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Oil theft as distraction amidst going pillage

By Patrick Dele Cole
04 November 2022   |   3:03 am
In 2008, we got traction. I was published in the Financial Times drawing global attention to it. President called on the G8 to provide global support to eradicate it and it looked like we were finally building momentum towards a solution

Ghana-bound vessel destroyed by Tompolo’s outfit, Tantina Security Services, for stealing oil.

For more than 15 years I have been campaigning to draw attention to the damage that oil theft in the Niger Delta does to Nigeria.

In 2008, we got traction. I was published in the Financial Times drawing global attention to it. President Yar’adua called on the G8 to provide global support to eradicate it and it looked like we were finally building momentum towards a solution. But as normal, the interests involved were able to distract, threaten and wiggle their way out of it.

President Yar’adua’s health declined; Nigeria focused on the drama of succession and the opportunity to deliver a coordinated global response evaporated. The world wanted Nigeria to lead in solving this problem, and it would have crowded in all the help that we needed, but we have to be honest with ourselves. No one has wanted to lead.

At that time, Nigeria was producing enough oil for the impact of theft to be much less problematic for Nigeria’s economy, but 14 years later, in the midst of a fiscal crisis, it is pushing us to the edge of economic collapse. Nigeria’s oil production is now well below 1 million barrels a day.

We struggle to make it into the top three producers in Africa. When I first started campaigning about this, I was worried about the impact it was having on the environment in the Niger Delta, and the way it distorted the livelihood opportunities for our youth. Now I am worried it might bring down a country.

Supposedly burdened with the weight of the subsidy that it is paying on fuel, NNPC is running scared. Suddenly it is taking the ‘lead.’ Oil theft is the biggest thing on its agenda. Overnight we have ‘discovered’ 4km pipelines that have somehow been ‘hidden’ for nearly a decade. The fight against oil theft is here! The saviour has arrived.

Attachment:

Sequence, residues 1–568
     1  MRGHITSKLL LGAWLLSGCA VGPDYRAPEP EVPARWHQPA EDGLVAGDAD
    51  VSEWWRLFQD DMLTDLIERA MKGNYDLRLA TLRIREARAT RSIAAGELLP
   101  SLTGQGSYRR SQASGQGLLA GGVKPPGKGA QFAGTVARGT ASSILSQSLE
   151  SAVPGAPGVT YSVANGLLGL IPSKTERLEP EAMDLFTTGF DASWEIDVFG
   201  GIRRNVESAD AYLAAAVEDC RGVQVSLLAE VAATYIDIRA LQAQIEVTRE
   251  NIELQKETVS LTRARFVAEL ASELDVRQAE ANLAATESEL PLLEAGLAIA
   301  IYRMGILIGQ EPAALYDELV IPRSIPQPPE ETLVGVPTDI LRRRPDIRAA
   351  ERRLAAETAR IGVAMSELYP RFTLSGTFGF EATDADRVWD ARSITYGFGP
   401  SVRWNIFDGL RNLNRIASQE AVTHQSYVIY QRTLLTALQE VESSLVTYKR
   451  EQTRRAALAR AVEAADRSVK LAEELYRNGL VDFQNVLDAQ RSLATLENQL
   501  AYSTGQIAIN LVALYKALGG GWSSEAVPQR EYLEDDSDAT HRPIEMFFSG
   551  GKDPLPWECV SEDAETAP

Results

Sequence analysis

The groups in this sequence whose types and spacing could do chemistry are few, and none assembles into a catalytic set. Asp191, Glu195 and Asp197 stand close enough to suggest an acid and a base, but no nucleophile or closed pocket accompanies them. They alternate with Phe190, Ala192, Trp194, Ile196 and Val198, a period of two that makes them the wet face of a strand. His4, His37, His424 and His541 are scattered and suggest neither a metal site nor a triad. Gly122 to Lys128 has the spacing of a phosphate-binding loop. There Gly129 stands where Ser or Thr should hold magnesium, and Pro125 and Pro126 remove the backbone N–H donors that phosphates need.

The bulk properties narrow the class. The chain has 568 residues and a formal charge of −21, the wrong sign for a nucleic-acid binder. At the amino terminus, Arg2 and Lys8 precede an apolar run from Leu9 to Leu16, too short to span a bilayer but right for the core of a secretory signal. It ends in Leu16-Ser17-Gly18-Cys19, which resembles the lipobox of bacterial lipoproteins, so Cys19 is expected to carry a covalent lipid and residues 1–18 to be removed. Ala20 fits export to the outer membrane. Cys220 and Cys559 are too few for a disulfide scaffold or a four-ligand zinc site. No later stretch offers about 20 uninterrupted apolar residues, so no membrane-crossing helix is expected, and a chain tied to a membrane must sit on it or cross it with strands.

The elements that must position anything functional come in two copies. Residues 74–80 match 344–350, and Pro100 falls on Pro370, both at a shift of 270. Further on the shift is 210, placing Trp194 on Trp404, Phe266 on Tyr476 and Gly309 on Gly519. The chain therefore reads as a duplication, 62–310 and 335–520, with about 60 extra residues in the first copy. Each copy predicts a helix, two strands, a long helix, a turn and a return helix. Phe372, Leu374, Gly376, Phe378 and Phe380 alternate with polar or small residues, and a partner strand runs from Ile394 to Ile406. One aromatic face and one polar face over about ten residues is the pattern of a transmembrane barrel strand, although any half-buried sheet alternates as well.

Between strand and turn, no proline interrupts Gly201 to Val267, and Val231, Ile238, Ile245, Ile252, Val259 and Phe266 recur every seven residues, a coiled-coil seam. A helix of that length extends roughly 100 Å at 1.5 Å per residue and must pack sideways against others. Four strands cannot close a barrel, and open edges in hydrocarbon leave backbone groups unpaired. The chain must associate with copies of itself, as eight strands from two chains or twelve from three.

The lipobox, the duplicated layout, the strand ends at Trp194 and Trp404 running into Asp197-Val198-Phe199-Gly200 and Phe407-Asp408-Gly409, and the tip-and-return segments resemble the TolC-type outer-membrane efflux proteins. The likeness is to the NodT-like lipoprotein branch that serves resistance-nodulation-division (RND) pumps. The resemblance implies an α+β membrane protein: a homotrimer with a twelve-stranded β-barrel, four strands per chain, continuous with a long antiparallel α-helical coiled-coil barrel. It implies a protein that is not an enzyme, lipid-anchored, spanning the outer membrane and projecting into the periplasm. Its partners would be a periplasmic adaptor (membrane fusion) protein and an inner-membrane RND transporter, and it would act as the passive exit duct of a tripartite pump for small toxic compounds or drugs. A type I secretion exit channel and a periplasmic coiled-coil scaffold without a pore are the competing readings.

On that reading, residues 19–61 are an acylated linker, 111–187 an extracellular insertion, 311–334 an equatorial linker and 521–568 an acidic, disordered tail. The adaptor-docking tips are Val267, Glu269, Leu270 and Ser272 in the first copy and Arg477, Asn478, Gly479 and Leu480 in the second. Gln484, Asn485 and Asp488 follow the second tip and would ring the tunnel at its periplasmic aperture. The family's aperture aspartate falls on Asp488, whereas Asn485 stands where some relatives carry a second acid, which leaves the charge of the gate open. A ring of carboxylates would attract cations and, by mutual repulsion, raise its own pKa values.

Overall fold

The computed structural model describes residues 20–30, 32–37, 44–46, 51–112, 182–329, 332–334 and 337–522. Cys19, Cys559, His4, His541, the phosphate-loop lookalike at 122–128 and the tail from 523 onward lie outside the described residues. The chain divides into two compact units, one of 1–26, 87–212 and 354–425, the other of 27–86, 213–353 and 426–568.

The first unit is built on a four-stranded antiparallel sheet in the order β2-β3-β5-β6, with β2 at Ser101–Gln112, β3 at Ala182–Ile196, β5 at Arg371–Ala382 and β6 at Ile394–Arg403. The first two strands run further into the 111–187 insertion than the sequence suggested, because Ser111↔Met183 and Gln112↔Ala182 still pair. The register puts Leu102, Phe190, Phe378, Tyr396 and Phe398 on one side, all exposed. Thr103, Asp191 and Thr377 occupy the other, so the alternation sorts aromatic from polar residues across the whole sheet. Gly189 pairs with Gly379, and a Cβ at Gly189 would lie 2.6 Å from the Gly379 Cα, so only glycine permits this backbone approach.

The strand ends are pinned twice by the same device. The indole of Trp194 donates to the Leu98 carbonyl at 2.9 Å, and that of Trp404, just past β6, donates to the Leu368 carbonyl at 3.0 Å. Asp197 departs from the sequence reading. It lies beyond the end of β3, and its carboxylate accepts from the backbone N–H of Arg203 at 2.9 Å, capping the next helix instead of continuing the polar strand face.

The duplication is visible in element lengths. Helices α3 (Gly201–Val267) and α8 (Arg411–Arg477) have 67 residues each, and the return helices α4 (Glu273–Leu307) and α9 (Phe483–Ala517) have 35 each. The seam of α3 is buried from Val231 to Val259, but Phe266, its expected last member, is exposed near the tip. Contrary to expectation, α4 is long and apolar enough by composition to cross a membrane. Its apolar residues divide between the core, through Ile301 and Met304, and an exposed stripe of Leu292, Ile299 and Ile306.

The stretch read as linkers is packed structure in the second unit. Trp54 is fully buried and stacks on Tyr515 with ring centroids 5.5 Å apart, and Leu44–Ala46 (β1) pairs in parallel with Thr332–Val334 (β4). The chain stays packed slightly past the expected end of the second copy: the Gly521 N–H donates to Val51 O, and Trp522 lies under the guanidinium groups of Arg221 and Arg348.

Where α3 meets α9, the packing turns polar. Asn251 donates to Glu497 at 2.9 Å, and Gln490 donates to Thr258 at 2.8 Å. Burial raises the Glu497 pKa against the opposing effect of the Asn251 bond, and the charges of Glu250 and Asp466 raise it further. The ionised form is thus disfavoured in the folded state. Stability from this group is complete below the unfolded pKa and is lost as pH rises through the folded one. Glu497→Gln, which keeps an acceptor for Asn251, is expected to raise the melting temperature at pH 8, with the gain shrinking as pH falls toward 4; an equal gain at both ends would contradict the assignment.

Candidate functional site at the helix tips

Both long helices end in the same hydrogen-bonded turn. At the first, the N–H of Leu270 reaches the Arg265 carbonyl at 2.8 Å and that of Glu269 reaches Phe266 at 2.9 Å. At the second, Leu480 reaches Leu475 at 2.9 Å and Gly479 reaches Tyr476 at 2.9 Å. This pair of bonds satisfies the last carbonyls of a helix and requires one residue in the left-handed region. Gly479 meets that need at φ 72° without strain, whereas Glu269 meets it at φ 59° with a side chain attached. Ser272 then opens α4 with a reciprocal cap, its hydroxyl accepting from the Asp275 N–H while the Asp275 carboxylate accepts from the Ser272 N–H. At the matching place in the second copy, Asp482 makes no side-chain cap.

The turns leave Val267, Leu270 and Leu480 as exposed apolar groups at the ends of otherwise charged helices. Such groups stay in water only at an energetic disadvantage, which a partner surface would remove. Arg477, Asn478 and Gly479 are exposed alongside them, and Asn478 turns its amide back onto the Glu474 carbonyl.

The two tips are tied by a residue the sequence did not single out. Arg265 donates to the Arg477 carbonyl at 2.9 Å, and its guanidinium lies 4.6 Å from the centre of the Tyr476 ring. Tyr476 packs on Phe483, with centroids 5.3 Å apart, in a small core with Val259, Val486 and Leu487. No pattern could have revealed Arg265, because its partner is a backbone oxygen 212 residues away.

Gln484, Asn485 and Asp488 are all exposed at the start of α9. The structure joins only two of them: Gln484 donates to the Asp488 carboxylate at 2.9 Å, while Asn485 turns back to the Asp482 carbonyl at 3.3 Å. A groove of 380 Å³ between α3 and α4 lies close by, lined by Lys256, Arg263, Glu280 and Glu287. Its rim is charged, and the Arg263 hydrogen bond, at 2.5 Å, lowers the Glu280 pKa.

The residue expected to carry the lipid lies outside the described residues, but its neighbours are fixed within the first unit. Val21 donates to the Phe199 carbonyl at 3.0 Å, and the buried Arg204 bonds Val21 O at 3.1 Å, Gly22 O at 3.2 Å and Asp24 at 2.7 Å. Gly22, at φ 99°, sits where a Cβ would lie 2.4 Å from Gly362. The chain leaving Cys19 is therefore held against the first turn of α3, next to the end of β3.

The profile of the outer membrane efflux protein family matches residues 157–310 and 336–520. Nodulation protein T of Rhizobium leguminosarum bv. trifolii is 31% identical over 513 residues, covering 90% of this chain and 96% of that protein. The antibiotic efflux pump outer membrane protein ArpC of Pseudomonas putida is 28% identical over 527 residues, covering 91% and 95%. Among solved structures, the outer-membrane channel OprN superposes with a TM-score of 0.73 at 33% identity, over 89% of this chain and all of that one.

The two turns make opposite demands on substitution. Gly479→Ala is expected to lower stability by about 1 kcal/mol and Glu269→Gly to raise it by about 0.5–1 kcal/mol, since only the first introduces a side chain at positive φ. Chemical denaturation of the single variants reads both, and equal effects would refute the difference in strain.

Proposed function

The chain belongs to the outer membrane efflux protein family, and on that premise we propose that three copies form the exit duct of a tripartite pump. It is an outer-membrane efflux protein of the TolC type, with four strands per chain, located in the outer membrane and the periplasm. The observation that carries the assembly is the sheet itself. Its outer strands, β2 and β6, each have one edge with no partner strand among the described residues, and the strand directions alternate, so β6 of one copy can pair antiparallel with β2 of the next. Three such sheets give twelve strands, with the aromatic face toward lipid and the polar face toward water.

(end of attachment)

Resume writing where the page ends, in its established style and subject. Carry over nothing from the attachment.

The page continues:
Please don’t be distracted by this noise. They have perfected the art of distraction. They want you to believe that oil theft is hard to stop. It’s not. It could be halted in a week with the right will and resources. But they don’t really want it to stop! Too many people are making too much money. The problem they are having is that the graft they have perfected around the fuel subsidy, as they progressively inflate Nigeria’s consumption and export millions of litres of fuel to our neighbors, is being threatened by how successfully they are stealing the oil!

They’ve looked carefully at which one of these lucrative theft mechanisms they should focus on to try and restore some stability, and rather than simply stop importing twice as much fuel as Nigeria needs so that they can export it, they’ve come up with the big show about oil theft! Why? Because it is easier to make out that it is hard to stop. Much harder than say, not ordering a cargo of fuel!

Let me try and make this simple for you, so we understand the mechanics of what is going on. Oil theft is easy to stop.
Oil is not a handkerchief. You can’t put it in your pocket and run off with it! To be depressing Nigeria’s oil production below a million barrels, theft (or its impact on production) must be affecting more than 600,000 barrels a day of oil.

That is an industrial operation, by any standards. It’s the installation of significant pipeline infrastructure that feeds out into a constant stream of tankers. We all know this. We know when and where they are stealing, we know when the ships arrive, and we know what type of oil they are loading.

The people of the Niger Delta know this, the militants know this, the oil companies know this, the government knows this, and the army and the navy know this.

So if we all know this. If we all know where the main avenues of theft are. If we know that any large-scale theft has to use one of a few major routes in order to reach its tanker, then why aren’t we solving it? Why aren’t we going to our international partners and saying, we don’t trust our own navy, so could you come in for a training operation and shadow them while they block the main routes for theft? I’ve been here before, and with the right structures in place, they would say yes. But we haven’t done that. We don’t want the prying eyes of those who might see through our distraction operation. It is expedient at the moment for NNPC to focus on it.

They need to get production up. They know how to. They will, I am sure, announce that they have achieved it and seek accolades, over the next 30 days. But please don’t be deceived. All they will have done is rebalanced the books, and got things back in order so that they can continue to steal the oil while continuing to steal the fuel.

That will work for now. But it won’t solve the wider death spiral that Nigeria is in. When graft at this level threatens your fiscal sustainability to the extent it is currently doing, the end is only a matter of time. The irony is that those stealing aren’t smart enough, or sane enough to stop. To give us a breather. To stretch out their criminal enterprise so that they continue to benefit for decades. Instead, I expect them to rush to extract the maximum value they can before the end.

What will be left once they have done this, and tipped us over the edge? Not them. Their private jets will be long gone.

Dr. Cole OFR is Nigeria’s former Ambassador to Brazil.